The cosmic clockwork that powers one of the night sky's most observed objects - the Crab Nebula - has been revealed by astronomers for the first time.
A movie has been constructed from images captured over eight months by the orbiting Chandra X-ray observatory and the Hubble space telescope.
This shows the dynamic forces at work within the nebula, a popular target for modern astronomers.
Jeff Hester, an astronomer at Arizona State University in the US, said the movie brought the nebula to life.
"We can see how this awesome cosmic generator actually works," he said.
Chinese astronomers were the first to see the brilliant supernova in 1054 as light from the exploding star first reached the earth.
Now, the core of that dying star can be seen as a white dot, where a neutron star the size of Manhattan is left rapidly rotating.
Bright wisps can be seen moving outward at half the speed of light to form an expanding ring.
These seem to come from a shock wave marked by an inner ring, visible in the X-ray images, where flickering knots mark the points from which clouds of particles speed outwards into space.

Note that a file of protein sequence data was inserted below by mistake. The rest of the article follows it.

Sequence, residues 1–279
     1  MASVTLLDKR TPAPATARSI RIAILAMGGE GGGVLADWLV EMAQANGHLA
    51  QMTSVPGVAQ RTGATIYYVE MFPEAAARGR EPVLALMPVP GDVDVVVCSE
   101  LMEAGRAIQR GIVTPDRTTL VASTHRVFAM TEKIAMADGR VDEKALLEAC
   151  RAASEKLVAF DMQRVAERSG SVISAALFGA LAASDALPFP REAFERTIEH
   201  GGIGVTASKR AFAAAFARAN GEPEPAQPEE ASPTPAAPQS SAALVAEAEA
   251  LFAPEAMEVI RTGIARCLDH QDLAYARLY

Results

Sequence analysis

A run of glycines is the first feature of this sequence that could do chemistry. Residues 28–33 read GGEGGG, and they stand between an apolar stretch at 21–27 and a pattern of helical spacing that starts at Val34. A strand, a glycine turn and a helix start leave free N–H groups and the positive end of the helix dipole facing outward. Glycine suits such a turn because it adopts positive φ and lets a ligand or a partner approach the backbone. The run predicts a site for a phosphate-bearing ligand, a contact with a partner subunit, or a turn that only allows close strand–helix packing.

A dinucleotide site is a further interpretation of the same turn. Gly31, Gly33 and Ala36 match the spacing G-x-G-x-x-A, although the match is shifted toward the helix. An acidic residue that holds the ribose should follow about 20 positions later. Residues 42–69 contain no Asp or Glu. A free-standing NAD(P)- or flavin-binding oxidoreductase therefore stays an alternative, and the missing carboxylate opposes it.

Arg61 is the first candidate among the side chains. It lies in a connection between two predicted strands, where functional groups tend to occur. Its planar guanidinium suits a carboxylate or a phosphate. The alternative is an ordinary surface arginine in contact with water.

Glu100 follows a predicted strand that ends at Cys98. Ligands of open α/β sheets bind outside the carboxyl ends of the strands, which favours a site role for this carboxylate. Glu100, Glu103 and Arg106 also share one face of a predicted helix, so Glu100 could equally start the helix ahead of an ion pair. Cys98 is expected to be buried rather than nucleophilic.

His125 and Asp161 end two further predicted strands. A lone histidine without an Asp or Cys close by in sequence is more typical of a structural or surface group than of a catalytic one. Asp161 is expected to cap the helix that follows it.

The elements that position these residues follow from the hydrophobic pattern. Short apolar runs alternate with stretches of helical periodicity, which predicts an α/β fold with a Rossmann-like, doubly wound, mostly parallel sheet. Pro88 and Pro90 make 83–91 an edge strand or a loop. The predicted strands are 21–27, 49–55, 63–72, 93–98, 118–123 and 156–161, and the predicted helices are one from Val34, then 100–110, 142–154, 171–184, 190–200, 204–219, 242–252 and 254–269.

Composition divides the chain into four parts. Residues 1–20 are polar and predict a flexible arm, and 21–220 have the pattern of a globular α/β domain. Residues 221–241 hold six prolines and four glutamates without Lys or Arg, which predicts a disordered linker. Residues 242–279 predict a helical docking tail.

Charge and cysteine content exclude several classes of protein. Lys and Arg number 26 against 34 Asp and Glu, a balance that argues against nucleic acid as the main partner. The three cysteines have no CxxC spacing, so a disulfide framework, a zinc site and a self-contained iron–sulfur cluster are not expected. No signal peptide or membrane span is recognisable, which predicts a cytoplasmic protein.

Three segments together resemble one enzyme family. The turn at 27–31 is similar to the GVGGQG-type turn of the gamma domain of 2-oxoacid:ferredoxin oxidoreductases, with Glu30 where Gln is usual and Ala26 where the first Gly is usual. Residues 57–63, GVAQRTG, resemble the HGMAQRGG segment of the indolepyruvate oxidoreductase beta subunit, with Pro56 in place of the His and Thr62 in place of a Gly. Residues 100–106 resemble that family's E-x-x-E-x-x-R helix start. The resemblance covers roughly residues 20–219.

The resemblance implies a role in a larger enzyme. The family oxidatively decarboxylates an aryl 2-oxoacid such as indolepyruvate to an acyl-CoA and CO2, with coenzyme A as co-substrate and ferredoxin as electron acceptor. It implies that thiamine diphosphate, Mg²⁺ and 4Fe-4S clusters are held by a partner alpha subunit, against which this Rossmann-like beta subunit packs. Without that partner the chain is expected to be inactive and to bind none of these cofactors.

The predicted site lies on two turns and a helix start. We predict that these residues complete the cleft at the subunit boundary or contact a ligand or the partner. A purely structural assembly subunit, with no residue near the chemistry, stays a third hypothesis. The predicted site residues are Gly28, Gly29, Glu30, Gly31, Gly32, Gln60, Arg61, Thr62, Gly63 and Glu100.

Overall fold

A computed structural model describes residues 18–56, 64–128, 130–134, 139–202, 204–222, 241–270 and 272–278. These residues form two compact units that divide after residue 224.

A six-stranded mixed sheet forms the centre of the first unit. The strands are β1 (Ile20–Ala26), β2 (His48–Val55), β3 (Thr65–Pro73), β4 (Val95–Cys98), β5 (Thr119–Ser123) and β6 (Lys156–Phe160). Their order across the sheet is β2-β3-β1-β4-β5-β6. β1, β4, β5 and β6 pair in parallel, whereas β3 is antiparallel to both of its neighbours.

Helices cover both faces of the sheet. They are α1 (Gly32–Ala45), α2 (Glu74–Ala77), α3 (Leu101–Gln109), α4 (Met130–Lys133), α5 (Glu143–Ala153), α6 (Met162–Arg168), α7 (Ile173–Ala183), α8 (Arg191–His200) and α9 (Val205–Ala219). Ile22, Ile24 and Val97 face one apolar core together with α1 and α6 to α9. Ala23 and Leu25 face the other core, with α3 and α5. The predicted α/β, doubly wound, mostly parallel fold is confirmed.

The astronomers believe the enormous electrical voltages generated by the rotating, highly magnetised neutron star accelerate particles - both matter and antimatter - outward along its equator to produce a wind.
When this wind smashes into the surrounding nebula, made up of matter from the exploded star left over from the supernova, it creates the shock wave.
The movie also shows a turbulent jet perpendicular to the rings, streaming away from the neutron star.
David Burrows, an astronomer at Penn State University in the US, a co-author on the project, said: "The jet looks like steam from a high-pressure boiler, except you realise you are looking at a stream of matter and anti-matter electrons moving at half the speed of light."
The findings are reported in the latest issue of The Astrophysical Journal Letters .